The Panel finds that Respondent is using the <mcproject.com> domain name for commercial gain by displaying links to competing products and services, and benefiting from the likely confusion between Complainant’s mark and the disputed domain name. Such use of the disputed domain name is capable of creating confusion as to Complainant’s source, sponsorship, affiliation, or endorsement of Respondent’s domain name and website. The Panel therefore finds Respondent’s use of the disputed domain name constitutes bad faith registration and use pursuant to Policy ¶ 4(b)(iv). See Identigene, Inc. v. Genetest Labs., D2000-1100 (WIPO Nov. 30, 2000) (finding bad faith where the respondent's use of the domain name at issue to resolve to a website where similar services are offered to Internet users is likely to confuse the user into believing that the complainant is the source of or is sponsoring the services offered at the site); see also MathForum.com, LLC v. Weiguang Huang, D2000-0743 (WIPO Aug. 17, 2000) (finding bad faith under Policy ¶ 4(b)(iv) where the respondent registered a domain name confusingly similar to the complainant’s mark and the domain name was used to host a commercial website that offered similar services offered by the complainant under its mark).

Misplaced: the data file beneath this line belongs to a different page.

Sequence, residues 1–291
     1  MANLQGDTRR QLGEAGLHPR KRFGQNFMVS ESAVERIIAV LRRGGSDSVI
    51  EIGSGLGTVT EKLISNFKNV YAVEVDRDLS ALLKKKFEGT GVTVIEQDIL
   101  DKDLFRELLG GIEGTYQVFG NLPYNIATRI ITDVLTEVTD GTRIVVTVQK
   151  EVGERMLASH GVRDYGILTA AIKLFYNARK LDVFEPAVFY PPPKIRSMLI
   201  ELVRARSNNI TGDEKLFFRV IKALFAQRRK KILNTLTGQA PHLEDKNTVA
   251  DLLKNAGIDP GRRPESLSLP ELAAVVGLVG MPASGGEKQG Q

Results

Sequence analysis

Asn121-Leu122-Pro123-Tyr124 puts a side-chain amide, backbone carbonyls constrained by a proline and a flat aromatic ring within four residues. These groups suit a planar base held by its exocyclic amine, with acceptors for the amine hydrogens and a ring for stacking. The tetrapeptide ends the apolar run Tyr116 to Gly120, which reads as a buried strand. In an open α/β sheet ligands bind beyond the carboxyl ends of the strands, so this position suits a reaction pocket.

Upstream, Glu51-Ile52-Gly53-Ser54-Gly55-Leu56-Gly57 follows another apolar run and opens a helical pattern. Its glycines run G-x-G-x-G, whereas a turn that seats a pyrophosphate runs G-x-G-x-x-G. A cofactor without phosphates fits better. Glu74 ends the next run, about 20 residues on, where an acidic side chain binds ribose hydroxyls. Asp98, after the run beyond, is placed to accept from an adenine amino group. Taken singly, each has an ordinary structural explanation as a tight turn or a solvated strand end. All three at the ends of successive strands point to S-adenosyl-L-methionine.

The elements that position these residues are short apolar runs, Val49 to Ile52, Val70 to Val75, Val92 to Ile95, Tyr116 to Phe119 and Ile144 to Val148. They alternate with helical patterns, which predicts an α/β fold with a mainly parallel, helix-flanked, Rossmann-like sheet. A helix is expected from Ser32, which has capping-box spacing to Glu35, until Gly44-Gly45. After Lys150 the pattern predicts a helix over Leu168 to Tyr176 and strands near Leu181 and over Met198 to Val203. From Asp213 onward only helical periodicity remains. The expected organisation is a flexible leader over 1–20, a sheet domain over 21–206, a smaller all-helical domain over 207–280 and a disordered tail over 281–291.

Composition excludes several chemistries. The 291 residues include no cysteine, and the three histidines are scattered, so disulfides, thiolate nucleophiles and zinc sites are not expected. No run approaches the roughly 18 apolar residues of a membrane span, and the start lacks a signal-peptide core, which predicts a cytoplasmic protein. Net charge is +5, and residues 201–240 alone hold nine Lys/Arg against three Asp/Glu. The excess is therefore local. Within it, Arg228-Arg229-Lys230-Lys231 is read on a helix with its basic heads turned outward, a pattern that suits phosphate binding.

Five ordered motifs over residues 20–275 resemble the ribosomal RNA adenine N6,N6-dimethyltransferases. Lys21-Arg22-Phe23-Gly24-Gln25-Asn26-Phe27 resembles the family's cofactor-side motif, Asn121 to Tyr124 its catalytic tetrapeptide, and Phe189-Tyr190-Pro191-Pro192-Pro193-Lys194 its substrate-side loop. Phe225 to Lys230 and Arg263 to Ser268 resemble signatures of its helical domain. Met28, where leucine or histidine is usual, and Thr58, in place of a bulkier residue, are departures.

In addition, the Panel finds that Respondent’s use of the disputed domain name to display links to competing products and services constitutes bad faith registration and use pursuant to Policy ¶ 4(b)(iii). See Disney Enters., Inc. v. Noel, FA 198805 (Nat. Arb. Forum Nov. 11, 2003) (“Respondent registered a domain name confusingly similar to Complainant's mark to divert Internet users to a competitor's website. It is a reasonable inference that Respondent's purpose of registration and use was to either disrupt or create confusion for Complainant's business in bad faith pursuant to Policy ¶¶ 4(b)(iii) [and] (iv).”); see also S. Exposure v. S. Exposure, Inc., FA 94864 (Nat. Arb. Forum July 18, 2000) (finding the respondent acted in bad faith by attracting Internet users to a website that competes with the complainant’s business).
The Panel finds that Policy ¶ 4(a)(iii) has been satisfied.
Having established all three elements required under the ICANN Policy, the Panel concludes that relief shall be GRANTED.
Accordingly, it is Ordered that the <mcproject.com> domain name be TRANSFERRED from Respondent to Complainant.
Dated: November 30, 2007